Spectacular Lighting Just Twice a Year: Don’t Miss Manhattanhenge

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Photo: Steve Kelley

Photo: Steve Kelley

Seeking out uniquely spectacular lighting is a good bet for capturing stunning imagery.
May 29th, yesterday, was one of the two days of the year when our friendly neighborhood star, the sun, sets perfectly in-line with the Manhattan grid. Bi-annually, photographers in the big apple take advantage of this unique moment in our solar system. Click through the image tabs above to see some shots of New York in a new, er, light.

Manhattanhenge, as it was termed by Dr. Neil deGrasse Tyson, is a result of Manhattan’s grid not being aligned with the geographic north-south or east-west lines. Instead, according to Dr. deGrasse, it’s angled 30 degrees east of geographic north. This angle causes Manhattanhenge to occur 22 days before the summer solstice, and again 21 days after (that’s July 12th this year). The neologism is derived from Wiltshire England’s Stonehenge, where the sun aligns with the stones on the solstices with a similarly dramatic effect.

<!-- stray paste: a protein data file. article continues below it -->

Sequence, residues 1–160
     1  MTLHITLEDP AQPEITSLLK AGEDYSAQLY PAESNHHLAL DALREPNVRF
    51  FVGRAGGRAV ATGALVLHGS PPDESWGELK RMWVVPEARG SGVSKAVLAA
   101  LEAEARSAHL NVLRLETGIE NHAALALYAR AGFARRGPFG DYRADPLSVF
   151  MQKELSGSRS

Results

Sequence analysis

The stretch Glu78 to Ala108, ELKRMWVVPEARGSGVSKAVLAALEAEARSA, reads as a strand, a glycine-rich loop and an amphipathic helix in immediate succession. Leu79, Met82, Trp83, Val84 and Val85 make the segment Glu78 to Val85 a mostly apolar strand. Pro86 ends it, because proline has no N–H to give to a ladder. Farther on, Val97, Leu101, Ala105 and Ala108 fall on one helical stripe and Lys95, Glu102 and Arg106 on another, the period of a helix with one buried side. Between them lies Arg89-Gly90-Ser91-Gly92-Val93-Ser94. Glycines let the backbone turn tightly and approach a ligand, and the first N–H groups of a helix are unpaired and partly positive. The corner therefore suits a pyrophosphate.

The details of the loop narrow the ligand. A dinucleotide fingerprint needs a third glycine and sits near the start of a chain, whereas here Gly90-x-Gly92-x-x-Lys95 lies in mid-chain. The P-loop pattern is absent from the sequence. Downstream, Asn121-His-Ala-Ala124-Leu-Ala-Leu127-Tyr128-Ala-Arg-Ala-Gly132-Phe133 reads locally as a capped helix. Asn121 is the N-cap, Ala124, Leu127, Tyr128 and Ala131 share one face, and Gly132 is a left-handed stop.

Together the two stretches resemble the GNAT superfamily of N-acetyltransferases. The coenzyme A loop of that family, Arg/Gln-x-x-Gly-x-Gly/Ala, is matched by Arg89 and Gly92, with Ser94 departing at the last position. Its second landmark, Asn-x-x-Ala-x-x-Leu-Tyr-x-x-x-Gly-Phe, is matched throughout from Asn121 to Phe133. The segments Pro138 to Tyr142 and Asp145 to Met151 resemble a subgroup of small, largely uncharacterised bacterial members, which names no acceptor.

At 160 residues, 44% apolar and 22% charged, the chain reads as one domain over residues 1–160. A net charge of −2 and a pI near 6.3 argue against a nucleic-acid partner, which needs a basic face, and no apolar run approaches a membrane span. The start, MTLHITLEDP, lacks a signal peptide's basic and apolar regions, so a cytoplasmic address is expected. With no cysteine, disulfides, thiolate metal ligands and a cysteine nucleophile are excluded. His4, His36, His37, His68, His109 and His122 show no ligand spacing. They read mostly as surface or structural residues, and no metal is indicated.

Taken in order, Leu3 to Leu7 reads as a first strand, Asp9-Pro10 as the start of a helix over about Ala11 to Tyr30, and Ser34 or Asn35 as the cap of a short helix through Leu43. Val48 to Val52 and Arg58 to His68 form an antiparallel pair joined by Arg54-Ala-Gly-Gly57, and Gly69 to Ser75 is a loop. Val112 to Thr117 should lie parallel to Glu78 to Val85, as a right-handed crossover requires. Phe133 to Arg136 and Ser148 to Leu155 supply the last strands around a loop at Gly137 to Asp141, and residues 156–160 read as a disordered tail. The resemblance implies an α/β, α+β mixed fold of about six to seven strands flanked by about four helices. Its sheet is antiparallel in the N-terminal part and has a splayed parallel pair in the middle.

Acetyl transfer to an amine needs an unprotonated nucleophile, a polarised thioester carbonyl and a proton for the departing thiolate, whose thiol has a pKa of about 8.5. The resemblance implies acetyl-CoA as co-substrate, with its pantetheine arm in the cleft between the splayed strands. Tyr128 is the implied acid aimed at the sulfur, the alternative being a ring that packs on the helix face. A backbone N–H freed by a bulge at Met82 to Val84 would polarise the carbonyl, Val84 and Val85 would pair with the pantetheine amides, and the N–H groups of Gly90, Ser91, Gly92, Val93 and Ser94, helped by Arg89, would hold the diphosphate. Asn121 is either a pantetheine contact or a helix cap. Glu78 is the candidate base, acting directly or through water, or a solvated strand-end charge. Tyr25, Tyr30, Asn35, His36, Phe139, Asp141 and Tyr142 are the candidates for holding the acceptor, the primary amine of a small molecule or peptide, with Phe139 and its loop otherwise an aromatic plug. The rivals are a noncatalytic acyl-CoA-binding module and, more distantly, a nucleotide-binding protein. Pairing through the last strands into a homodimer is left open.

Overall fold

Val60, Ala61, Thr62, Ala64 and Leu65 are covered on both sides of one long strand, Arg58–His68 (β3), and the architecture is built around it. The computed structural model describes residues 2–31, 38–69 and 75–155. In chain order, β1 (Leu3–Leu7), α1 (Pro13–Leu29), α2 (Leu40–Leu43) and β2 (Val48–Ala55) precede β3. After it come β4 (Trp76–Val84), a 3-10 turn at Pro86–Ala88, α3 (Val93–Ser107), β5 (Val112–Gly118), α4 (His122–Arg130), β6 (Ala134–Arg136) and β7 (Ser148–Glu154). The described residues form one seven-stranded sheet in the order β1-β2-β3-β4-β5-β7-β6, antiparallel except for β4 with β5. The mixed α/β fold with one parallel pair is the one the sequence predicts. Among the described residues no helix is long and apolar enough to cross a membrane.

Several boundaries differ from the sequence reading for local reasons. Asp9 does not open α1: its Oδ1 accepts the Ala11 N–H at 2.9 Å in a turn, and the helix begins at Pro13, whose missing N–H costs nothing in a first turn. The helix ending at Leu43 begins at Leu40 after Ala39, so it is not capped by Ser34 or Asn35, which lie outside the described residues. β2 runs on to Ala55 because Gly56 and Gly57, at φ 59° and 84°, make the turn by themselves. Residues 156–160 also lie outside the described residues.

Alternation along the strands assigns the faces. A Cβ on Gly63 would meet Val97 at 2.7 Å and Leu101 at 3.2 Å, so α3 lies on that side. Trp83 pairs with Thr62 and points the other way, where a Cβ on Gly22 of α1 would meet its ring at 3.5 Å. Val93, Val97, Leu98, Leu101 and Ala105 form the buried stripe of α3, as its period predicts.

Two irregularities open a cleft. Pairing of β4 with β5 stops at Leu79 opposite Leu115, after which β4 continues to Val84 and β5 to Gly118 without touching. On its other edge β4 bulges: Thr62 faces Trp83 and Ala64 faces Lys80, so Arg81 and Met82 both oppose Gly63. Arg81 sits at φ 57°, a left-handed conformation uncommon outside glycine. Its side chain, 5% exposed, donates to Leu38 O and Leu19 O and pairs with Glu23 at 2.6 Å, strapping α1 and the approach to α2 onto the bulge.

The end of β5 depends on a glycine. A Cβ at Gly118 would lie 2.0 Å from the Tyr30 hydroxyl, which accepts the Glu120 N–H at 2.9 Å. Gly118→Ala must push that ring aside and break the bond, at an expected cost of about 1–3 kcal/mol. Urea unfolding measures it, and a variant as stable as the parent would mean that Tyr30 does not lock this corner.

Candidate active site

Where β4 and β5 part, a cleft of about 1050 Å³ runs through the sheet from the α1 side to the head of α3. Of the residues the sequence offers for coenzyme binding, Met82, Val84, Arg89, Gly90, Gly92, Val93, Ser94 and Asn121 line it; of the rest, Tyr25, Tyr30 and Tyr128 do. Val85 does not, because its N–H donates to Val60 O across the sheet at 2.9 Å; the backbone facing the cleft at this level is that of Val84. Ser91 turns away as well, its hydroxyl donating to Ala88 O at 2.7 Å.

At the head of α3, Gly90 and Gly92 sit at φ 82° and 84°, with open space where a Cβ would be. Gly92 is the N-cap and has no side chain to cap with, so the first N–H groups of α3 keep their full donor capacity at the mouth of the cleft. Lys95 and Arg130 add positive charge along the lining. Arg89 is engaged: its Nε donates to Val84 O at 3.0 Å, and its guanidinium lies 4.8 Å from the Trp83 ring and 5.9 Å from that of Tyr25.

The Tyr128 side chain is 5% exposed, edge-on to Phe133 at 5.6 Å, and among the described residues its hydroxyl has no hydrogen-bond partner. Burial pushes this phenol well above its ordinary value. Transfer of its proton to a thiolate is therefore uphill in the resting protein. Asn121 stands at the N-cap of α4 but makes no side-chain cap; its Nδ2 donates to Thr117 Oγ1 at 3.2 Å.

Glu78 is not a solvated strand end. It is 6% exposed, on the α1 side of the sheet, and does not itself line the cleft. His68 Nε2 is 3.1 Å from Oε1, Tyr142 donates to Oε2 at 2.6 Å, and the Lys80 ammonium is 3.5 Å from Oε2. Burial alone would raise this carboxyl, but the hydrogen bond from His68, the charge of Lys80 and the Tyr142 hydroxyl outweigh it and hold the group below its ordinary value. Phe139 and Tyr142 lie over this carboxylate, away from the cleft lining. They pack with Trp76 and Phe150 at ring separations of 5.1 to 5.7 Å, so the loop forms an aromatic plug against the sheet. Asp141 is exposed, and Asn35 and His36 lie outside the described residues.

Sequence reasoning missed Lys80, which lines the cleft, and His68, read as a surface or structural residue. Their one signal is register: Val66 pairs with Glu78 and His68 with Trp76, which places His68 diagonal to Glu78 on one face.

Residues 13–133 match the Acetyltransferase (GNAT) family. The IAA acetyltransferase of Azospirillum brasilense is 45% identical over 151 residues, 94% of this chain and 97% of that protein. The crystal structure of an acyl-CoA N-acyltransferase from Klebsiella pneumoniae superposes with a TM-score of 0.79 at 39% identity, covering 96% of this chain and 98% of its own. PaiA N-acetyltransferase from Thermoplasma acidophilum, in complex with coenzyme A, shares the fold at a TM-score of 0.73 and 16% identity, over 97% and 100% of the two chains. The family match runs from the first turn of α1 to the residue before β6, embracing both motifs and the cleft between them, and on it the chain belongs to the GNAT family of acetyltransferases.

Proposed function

Those of you in Manhattan, who missed yesterday’s event, never fear – you have another chance for great photos today. The phenomenon continues (albeit slightly off for Manhattanhenge purists) into today as a “full sun,” event. According to Wikipedia’s definition of the event the phenomenon actually extends into today.

And for all of you no where near New York today, like me, the challenge is to go out and find some uniquely spectacular lighting. It’s out there.

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